Heavy-Duty Converters

Meet the challengers in our heavy-duty expo The heavy-duty converter market is quickly expanding on the rebuild side of the industry. To assist in rebuilding these types of converters, review the positive and negative features listed for three of the most common heavy-duty units available. Even with the different converter designs, becoming familiar with the similarities aids in rebuilding larger units.

Heavy-duty units differ from their passenger car counterparts in many ways: one, the mere size of the converter and components creates a rugged design; two, expensive replacement parts drive the resale price of each unit higher; and three, converter core costs can be significantly higher while the core failure rate also increases, demanding a proper first-time rebuild.

While the demand for more fuel efficient vehicles increase, and the sale of heavy-duty SUVs and pickup trucks may decrease, there will always be demand for heavy-duty rebuilds. Many industries rely on the capabilities of a workhorse engine and drivetrain, which will be present in the industry for many years to come. Establishing familiarity with these units now will prevent costly mistakes during rebuild and choosing the correct replacement unit.

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FORD

Positive Points

Factory furnace brazed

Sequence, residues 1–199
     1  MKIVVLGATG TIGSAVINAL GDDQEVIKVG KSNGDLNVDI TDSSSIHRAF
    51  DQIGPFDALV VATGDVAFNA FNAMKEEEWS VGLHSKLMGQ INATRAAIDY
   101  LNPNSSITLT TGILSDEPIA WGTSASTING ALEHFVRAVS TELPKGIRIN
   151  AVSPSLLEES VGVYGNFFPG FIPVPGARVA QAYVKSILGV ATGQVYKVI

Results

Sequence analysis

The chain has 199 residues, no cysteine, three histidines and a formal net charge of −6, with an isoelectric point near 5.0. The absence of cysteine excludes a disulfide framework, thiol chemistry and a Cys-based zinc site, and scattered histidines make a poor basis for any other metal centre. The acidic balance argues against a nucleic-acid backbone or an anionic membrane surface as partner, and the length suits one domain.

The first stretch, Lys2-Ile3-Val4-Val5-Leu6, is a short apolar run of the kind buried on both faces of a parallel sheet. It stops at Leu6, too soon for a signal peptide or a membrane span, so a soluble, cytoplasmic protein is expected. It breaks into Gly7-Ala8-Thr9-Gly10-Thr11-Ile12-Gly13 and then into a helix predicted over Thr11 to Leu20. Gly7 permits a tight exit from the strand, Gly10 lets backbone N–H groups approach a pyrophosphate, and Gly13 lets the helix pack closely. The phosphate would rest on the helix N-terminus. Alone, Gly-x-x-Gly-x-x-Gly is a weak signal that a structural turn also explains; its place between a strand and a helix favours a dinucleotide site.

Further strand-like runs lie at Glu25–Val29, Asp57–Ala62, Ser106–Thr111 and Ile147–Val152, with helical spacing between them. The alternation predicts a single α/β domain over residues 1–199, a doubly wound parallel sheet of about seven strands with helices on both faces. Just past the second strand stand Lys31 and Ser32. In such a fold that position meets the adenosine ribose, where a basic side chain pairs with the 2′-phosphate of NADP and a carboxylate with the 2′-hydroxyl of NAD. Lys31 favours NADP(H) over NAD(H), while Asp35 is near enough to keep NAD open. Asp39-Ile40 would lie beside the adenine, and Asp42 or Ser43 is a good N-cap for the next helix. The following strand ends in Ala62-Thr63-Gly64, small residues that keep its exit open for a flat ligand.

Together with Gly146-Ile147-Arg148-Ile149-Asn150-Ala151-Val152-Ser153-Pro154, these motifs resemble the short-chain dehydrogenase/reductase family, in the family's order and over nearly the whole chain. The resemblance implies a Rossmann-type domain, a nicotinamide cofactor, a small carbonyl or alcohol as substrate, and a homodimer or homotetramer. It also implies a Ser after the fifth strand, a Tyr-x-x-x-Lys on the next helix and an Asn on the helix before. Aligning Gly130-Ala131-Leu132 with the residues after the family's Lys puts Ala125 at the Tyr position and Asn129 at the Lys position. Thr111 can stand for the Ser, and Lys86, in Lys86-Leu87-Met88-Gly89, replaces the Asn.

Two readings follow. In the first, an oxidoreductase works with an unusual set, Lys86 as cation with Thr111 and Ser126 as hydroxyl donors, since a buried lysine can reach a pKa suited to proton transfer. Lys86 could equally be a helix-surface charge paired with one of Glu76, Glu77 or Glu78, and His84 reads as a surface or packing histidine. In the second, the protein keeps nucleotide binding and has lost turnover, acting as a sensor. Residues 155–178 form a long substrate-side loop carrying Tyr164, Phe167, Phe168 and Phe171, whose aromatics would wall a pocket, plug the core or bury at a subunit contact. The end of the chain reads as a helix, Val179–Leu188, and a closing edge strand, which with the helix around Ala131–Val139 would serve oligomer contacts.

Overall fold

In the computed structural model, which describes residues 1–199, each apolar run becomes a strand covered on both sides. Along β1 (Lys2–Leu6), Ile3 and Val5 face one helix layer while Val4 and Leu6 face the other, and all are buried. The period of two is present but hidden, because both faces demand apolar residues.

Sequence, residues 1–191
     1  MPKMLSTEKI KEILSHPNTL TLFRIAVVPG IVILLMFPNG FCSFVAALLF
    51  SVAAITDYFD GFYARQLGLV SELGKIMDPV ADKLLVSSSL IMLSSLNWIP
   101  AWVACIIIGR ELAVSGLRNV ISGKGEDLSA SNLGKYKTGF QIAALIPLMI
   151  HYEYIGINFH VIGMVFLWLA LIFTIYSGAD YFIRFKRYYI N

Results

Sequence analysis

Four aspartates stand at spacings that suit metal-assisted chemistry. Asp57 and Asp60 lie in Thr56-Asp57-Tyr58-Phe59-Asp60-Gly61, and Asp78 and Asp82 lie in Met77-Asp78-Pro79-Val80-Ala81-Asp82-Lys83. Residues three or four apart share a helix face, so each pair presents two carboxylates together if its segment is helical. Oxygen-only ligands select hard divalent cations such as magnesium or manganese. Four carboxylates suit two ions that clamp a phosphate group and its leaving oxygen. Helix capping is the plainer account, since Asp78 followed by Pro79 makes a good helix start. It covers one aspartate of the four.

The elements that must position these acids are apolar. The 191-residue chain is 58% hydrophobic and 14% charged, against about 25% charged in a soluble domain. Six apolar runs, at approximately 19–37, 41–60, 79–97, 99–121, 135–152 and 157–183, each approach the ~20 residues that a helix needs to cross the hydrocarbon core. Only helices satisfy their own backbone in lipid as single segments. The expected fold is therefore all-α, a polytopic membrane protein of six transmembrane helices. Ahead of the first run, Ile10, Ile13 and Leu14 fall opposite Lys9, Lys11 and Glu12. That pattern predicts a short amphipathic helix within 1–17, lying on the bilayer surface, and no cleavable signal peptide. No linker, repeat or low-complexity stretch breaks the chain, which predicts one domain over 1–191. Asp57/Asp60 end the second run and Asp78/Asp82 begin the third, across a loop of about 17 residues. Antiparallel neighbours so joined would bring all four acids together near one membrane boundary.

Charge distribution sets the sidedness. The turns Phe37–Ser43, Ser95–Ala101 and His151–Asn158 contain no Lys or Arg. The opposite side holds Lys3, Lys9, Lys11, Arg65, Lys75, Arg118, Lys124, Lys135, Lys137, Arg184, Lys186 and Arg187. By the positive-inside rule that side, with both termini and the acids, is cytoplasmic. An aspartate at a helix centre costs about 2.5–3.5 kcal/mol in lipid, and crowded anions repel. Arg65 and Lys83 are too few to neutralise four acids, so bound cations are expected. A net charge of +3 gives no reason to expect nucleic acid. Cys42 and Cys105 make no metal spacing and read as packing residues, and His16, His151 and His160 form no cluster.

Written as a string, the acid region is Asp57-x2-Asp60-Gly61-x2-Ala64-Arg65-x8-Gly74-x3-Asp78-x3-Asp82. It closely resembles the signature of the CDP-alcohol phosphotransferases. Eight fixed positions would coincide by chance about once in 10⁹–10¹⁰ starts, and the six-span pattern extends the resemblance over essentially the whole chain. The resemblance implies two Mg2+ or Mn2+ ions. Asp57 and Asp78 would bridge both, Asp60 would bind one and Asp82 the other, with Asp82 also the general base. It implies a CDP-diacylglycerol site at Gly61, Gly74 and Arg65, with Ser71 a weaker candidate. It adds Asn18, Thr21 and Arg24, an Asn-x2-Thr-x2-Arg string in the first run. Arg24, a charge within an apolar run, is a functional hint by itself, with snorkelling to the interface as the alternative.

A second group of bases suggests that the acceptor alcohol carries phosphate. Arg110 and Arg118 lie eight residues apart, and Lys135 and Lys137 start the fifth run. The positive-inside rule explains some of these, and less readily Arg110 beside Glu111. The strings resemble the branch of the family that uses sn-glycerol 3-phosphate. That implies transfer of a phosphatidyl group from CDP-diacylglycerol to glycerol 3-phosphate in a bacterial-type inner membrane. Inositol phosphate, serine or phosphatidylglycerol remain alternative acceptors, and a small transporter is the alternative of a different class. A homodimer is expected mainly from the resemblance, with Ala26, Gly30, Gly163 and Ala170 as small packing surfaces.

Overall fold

Roller burnished impeller hub

Available in both single and multiple clutch

Available in multiple stall speeds and torque multipliers

Easy to rebuild

Many improved replacement parts available from Sonnax and Tri-Component

Negative Points

Prone to bearing failures

Weak turbine-to-clutch engagement

High rate of complete converter failure (unusable)

Weak front cover (thin clutch surface)

Excessive wear on the front cover (clutch engagement surfaces) on multiple clutch units

Turbine hub rivets prone to failure


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Chrysler
Positive Points

Factory furnace brazed

Capable of high-torque capacity

Durable turbine hub and clutch drive

Harden flanged-type impeller hub

Negative Points Poor roller clutch design

Poor torque capacity (diesel version)

Clutch piston prone to excessive wear on o-ring surface

Multiple clutch unavailable

Front cover suseptable to pilot cracks and leaks, and poor mounting pads

Needs heavier designed bearings

Cores hard to locate

Image General Motors

Positive Points

Factory furnace brazed

Roller burnished impeller hub

Heavy-duty bearing design

More than adequately designed liner

Strong roller clutch and stator design

Multiple designs for numerous applications

High core accessability

Negative Points

Poor torque multiplication

Front cover failure around pad welds

Available only as a single-clutch unit limiting its torque capacity

Expensive core, hard to locate

– Found in September 2006 Newsletter